COVENTRY — If ever Jim Spearman was needed, Timothy Printer said of his grandfather, there was one place where he could almost certainly be tracked down.
“If you needed to find Jim, you knew you could find him at the ball field,” Printer said Thursday before a crowd that had gathered at Herbert F. Paine Memorial Park to pay tribute to the late Coventry resident.
Now, a sign declaring the park's baseball field as the Jim Spearman Memorial Field will ensure that Spearman’s presence is always felt.
“He would say he didn’t like it, but he would love this,” Audrey Spearman said of her husband, the sign displayed high on the fence behind her. “This is wonderful.”
Spearman died in April at the age of 80, after a lifetime that was dedicated to service — he served in the U.S. Army during the Vietnam War; he served for 18 years as a member of the Coventry Town Council; he served as town sergeant, right up until his death.
But it’s for his contributions to the local youth that many remember Spearman most fondly.
A founder of the Central Coventry Little League and the Coventry Basketball Association, Spearman also served for 47 years as a coach and president of the Coventry Babe Ruth League.
In June, the town council voted unanimously to rename the Babe Ruth Field for the man who poured so much love into the program.
“[Spearman] always championed the youth of this community,” Raena Blumenthal, director of Coventry’s parks and recreation department, told councilors during the June 13 meeting.
Spearman was passionate about creating opportunities for young people. And if a child couldn’t afford to play baseball, Blumenthal recalled, Spearman would often pay their fees from his own pocket.
“He would celebrate all youth in this community because he cared for them,” she added, “and they had a special place in their hearts for him.”
The Jim Spearman Memorial Field was officially dedicated Thursday evening during a well-attended ceremony. Spearman’s family — his wife, three children and several grandchildren — local officials and various other community members gathered for the event, which included the unveiling of the sign that now hangs from the field’s backstop.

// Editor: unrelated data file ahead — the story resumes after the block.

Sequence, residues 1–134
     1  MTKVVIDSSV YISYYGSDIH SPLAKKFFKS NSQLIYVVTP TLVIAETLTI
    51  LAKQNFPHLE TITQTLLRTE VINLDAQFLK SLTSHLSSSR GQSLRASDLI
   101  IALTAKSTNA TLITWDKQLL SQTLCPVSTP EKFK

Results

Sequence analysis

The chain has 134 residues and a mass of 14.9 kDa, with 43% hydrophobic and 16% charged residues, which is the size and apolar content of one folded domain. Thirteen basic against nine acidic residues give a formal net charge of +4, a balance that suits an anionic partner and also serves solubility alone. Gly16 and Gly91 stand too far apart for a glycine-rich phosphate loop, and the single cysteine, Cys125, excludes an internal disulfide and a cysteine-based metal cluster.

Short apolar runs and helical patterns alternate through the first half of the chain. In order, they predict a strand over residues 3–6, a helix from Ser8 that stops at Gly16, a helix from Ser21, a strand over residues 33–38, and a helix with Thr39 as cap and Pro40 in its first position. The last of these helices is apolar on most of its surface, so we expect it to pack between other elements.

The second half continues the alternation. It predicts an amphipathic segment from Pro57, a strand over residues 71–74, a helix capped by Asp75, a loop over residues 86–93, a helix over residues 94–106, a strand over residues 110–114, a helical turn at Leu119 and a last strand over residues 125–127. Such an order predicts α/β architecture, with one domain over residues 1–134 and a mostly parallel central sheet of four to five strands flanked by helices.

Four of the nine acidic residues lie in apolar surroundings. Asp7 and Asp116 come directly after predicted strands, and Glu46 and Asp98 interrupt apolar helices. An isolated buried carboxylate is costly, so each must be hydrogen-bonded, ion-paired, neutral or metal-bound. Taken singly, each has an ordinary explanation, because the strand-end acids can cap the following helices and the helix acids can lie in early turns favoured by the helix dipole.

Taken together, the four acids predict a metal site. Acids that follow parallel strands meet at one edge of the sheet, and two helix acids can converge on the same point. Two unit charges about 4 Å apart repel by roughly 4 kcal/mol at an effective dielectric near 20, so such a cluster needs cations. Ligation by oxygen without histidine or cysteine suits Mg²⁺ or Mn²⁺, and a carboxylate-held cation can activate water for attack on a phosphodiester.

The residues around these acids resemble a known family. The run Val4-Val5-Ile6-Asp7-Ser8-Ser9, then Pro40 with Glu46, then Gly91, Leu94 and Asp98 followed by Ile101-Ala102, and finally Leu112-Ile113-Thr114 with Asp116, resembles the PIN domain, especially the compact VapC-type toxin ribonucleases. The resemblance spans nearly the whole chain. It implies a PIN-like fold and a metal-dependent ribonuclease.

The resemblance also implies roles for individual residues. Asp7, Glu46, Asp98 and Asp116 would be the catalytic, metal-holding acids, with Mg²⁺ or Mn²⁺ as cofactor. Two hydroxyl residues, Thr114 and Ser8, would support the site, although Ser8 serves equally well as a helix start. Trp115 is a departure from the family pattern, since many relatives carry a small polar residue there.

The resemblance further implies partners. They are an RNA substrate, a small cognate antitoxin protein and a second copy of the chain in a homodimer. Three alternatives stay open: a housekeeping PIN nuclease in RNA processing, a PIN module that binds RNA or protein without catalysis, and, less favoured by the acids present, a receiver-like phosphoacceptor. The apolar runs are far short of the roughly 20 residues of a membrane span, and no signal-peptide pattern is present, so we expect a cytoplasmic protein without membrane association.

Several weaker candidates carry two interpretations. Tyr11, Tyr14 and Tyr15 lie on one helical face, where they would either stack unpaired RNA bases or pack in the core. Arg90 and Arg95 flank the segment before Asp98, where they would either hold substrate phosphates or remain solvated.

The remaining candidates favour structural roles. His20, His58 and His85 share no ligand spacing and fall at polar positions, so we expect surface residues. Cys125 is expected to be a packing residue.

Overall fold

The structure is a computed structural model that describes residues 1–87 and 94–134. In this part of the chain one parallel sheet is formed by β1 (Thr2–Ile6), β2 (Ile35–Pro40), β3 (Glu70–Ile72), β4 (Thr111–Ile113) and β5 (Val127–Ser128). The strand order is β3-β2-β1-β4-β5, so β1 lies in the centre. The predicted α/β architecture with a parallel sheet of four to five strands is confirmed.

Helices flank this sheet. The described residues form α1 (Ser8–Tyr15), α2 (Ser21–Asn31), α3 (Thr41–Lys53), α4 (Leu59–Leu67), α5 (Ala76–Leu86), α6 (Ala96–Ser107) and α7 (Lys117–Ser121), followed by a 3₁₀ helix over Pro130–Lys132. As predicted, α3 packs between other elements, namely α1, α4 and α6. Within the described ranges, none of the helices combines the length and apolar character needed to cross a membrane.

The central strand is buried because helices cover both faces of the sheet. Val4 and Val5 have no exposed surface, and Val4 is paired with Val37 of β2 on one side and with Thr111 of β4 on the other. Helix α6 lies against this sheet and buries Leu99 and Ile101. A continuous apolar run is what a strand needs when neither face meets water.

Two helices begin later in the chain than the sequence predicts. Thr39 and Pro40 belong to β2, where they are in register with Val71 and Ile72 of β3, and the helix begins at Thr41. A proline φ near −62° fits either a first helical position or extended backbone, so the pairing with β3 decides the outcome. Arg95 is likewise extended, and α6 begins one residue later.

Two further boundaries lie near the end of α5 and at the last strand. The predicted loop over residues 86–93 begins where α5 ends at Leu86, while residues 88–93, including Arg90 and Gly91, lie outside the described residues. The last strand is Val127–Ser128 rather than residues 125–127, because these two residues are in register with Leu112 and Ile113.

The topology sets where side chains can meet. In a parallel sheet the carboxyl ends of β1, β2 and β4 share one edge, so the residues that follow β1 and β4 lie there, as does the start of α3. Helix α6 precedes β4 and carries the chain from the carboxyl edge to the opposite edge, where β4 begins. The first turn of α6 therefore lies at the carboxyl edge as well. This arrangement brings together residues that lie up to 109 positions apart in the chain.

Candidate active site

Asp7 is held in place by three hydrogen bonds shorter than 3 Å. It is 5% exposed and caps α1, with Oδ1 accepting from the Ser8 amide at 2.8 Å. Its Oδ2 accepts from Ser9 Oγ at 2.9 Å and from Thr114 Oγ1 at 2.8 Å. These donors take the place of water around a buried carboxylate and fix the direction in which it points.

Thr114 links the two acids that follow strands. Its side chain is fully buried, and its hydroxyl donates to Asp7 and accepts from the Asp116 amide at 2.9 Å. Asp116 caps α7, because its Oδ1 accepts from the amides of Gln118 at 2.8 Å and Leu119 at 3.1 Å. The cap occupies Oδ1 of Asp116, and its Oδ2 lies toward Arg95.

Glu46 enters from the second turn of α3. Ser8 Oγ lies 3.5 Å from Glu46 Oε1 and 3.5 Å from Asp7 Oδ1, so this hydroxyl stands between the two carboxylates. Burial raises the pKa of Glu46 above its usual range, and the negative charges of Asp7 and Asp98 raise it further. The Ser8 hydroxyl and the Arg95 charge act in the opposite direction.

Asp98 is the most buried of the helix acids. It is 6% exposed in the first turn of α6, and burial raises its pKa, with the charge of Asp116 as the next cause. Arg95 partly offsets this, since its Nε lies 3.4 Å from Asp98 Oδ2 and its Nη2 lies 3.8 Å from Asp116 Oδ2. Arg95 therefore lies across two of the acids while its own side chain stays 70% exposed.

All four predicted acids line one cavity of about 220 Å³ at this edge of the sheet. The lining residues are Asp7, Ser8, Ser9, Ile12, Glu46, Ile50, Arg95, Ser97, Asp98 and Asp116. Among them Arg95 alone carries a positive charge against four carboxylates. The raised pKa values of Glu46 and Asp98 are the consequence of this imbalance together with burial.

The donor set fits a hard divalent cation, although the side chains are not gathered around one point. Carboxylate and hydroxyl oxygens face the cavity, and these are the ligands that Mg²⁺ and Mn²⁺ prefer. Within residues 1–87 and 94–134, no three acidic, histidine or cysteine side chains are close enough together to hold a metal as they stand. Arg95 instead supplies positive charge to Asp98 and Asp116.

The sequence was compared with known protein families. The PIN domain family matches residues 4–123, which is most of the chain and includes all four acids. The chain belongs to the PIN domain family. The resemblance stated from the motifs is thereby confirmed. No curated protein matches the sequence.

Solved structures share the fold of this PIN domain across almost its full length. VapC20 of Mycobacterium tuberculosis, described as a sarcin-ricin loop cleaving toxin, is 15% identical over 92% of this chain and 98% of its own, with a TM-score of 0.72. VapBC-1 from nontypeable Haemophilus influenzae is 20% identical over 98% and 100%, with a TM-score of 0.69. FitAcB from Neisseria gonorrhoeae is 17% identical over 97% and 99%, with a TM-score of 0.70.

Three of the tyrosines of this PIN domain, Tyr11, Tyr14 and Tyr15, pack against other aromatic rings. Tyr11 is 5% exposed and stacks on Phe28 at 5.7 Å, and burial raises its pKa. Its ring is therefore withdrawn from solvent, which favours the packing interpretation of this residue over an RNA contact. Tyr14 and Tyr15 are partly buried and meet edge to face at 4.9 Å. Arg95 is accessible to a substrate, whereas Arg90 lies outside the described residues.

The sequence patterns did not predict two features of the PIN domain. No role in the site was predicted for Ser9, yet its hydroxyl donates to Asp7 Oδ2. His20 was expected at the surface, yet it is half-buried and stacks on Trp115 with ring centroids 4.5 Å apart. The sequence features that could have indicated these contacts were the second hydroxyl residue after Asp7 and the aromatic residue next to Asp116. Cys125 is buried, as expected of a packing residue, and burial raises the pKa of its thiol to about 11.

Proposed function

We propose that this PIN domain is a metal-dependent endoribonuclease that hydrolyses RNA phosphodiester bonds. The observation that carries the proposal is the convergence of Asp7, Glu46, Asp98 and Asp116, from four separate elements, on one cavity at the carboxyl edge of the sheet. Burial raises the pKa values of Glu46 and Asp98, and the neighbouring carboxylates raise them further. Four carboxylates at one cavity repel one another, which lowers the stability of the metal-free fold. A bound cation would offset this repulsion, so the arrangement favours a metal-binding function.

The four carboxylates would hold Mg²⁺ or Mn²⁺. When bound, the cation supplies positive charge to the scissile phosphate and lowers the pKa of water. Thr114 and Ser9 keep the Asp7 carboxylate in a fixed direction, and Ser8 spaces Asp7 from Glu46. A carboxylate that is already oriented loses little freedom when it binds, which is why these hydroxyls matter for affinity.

“This is a tribute to Jim. I know he would be touched by it, but he wouldn’t like it,” Jack Flynn, current president of the Coventry Babe Ruth Board of Directors, said with a laugh. “That’s how he was.”
Flynn recounted memories from the more than two decades that he and Spearman spent together in the league, and thanked Spearman’s family for sharing him with the community.
Jennifer Ludwig, vice president of the Coventry Town Council, and councilor Hillary Lima each also took a turn speaking about Spearman.
“Jim was involved in so many ways in this community,” Ludwig said, adding that Spearman demonstrated the “importance of volunteerism within our community.”
Lima read aloud a resolution adopted in the spring by the Coventry Town Council thanking Spearman for his decades of service to the town, and recognizing his family members for their support.
“We need more people like James Spearman to step up with volunteerism and dedication to our community and its youth,” she added.
People like Spearman are rare, Town Manager Benjamin Marchant said, taking the podium next.
“A community is made by people who serve,” he said, “by people who give back, by people who breathe new life into the next generation.”
Spearman, Marchant said, was a true leader; he was an “integral” member of the community who “saw possibilities where the rest of us saw need.”
That’s a legacy that Marchant said he himself hopes to live up to.
“Leaders, I think, are the special people who have a vision and instruct people on how to live a better life, how to make a better team, how to make a better community,” he continued. “And that was Jim Spearman.”